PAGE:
The Hon. T.A. FRANKS (15:29): I seek leave to make a brief explanation before asking the Minister for Primary Industries and Regional Development a question about mass fish kills in the Murray.
The Hon. T.A. FRANKS: Biosecurity is the lead agency for coordinating the response of our state to fish-kill incidents, while PIRSA, fisheries and aquaculture may also be involved in any reactions to a fish kill, although I will note that, in terms of the clean-up, the lead agency is to be determined at the time and is currently undetermined.
In late 2022 and early 2023, there were widespread reports in South Australia of dead fish washing up on the banks of the river, from Walker Flat and Mypolonga near Mannum to Milang on Lake Alexandrina and Goolwa Beach at the Murray Mouth. Waters from last year's floods are gushing out to sea and the salinity of the ocean has been lethal, leading to dead fish washing up on our beaches.
That was as the floodwaters rose. Now, as they recede, we have seen in recent days, interstate, millions of fish dying in the lower Darling-Baaka River near Menindee in New South Wales. In fact, it was the 31st such recorded incident since July 2022 and certainly the largest such incident in recorded data for this state. Indeed, while we talk about fish kills, the numbers are usually in the hundreds or the tens, sometimes the thousands, but certainly not as we have seen: in the tens of thousands.
An emergency response has of course been put into action in New South Wales, in the state's far west, to coordinate the clean-up of the worst mass kill to ever hit that region, with fears it could cause an ecological disaster that will take years for the river to recover from. Photos supplied by Menindee residents showed dead fish, mostly bony bream but also Murray cod, golden perch, silver perch and carp, blanketed across the river's surface. This incident is just the latest in a series of large-scale fish deaths that have prompted questions about the management of our Murray-Darling Basin. Those photos certainly do not convey the stench.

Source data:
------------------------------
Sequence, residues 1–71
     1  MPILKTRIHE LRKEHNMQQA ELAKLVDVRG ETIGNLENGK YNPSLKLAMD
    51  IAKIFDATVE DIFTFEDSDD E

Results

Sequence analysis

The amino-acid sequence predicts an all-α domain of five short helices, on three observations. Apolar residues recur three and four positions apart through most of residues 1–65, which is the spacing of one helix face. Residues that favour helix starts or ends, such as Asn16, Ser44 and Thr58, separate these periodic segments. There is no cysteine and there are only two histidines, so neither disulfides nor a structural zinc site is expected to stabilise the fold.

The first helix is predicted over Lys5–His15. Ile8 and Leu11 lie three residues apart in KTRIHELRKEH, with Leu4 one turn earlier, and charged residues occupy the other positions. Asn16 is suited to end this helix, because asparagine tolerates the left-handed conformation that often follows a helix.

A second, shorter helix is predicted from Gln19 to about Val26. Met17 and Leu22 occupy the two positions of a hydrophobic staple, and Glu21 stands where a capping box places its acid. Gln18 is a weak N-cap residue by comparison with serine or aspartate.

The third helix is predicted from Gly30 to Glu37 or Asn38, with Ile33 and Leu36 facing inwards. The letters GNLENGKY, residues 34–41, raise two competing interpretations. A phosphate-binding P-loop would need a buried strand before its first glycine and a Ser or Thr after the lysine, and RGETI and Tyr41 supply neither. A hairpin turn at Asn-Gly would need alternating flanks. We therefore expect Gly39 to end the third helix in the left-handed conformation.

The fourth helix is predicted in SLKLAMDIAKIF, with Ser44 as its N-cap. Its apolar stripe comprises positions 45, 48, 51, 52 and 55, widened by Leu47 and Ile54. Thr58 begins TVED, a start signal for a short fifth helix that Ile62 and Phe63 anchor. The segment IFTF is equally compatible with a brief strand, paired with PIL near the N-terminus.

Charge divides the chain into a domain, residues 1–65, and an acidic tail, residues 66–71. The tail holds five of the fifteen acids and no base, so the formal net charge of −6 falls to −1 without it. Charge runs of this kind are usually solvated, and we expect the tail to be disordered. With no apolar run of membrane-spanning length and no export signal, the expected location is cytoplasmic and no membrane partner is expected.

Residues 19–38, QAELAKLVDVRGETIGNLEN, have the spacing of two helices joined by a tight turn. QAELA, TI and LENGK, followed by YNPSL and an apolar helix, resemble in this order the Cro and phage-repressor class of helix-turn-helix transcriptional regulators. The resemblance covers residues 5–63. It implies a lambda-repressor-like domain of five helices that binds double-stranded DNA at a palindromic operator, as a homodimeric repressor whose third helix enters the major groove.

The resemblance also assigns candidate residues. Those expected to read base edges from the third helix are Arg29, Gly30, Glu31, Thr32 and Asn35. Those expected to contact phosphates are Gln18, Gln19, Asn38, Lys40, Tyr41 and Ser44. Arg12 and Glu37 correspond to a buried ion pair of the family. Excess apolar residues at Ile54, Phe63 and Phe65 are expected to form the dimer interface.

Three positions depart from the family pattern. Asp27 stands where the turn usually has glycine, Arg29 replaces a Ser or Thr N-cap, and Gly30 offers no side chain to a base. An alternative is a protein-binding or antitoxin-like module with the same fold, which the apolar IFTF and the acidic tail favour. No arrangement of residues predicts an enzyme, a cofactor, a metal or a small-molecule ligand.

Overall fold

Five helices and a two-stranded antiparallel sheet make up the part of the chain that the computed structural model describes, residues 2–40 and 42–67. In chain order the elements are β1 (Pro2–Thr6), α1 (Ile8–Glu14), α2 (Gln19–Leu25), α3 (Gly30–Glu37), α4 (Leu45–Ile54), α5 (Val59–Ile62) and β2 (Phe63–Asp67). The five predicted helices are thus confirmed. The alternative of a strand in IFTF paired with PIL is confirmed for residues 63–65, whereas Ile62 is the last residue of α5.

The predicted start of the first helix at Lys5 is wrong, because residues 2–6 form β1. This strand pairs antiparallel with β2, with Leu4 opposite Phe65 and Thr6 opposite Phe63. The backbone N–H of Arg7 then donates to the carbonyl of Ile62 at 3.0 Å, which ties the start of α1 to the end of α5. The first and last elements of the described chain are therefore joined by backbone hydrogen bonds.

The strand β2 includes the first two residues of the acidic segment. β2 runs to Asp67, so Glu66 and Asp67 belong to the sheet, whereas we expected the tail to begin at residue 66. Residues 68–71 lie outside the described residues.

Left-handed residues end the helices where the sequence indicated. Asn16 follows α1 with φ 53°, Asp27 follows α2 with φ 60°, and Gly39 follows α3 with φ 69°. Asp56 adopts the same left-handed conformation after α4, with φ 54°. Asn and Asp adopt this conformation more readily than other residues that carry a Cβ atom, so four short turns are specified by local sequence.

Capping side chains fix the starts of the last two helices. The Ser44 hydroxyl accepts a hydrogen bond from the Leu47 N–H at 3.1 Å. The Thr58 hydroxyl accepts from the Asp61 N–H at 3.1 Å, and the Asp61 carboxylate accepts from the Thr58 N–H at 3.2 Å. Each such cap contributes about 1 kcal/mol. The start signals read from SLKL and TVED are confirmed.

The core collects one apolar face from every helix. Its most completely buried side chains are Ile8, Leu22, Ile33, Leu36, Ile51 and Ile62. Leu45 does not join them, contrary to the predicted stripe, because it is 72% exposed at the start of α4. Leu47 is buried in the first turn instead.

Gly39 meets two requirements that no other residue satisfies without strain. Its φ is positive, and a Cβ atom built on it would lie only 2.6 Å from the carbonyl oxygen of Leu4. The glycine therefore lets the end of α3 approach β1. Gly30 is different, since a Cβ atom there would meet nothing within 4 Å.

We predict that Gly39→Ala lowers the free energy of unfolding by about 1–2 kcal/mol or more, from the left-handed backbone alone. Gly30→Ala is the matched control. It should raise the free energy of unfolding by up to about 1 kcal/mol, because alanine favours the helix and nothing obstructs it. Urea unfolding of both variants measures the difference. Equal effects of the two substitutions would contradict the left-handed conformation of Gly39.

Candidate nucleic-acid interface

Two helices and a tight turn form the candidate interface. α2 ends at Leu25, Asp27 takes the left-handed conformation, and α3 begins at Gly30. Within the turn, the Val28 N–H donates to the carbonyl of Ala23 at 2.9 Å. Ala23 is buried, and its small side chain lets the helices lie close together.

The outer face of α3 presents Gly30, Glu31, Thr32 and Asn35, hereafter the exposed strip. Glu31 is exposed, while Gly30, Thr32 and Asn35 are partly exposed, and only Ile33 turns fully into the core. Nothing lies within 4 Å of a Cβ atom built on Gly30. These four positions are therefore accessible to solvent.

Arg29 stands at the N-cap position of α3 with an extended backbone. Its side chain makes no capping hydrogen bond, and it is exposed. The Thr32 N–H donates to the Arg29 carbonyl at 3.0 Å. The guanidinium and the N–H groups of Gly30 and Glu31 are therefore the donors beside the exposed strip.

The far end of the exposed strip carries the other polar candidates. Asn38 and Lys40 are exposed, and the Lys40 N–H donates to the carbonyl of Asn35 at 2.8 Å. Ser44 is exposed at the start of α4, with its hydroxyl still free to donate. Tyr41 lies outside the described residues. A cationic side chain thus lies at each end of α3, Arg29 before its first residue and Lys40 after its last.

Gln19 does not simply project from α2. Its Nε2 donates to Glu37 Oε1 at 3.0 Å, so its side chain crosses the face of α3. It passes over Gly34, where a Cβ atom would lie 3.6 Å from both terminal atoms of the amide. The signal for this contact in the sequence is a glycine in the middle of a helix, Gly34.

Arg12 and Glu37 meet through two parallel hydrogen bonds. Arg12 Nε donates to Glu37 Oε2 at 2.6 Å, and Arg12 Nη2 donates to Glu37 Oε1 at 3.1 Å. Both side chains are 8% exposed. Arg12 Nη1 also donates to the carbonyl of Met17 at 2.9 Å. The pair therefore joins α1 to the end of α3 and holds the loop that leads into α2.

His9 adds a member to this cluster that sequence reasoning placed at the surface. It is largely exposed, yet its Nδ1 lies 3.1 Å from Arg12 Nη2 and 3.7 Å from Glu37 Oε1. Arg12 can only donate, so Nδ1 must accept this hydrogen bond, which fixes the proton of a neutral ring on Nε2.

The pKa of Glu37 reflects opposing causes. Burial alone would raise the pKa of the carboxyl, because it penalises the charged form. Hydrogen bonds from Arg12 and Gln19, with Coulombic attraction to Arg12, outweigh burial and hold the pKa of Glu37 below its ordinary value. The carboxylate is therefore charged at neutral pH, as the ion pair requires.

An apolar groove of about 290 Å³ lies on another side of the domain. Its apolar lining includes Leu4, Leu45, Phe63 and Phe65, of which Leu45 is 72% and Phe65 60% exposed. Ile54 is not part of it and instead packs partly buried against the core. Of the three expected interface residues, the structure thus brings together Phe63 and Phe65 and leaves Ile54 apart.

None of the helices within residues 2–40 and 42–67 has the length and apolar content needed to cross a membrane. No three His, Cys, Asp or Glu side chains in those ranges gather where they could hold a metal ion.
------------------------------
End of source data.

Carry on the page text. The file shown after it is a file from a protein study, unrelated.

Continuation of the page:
These are clearly not standalone events. Impacts of climate change, pollution and flash flooding have caused the deaths of these fish and significant impacts to the residents of the Riverland. While fish deaths in smaller numbers of 100 to 500 are to be expected, there seems to be nothing 'natural' about close to a million fish dying in a single incident. The New South Wales Department of Primary Industries' fisheries arm has been dispatching officers to assist with the fish-kill assessment and community discussions and clean-up. My questions to the minister are:
1. Can the minister update the council on the number and nature of fish kills in our state in the last six months as the rivers have risen?
2. Also, what preparations are being made?
3. What monitoring is being done now that the floodwaters are receding?
4. What learnings are being taken from the significant mass fish-kill incident in our neighbouring state of New South Wales to ensure that we are prepared, should such an ecological disaster befall us?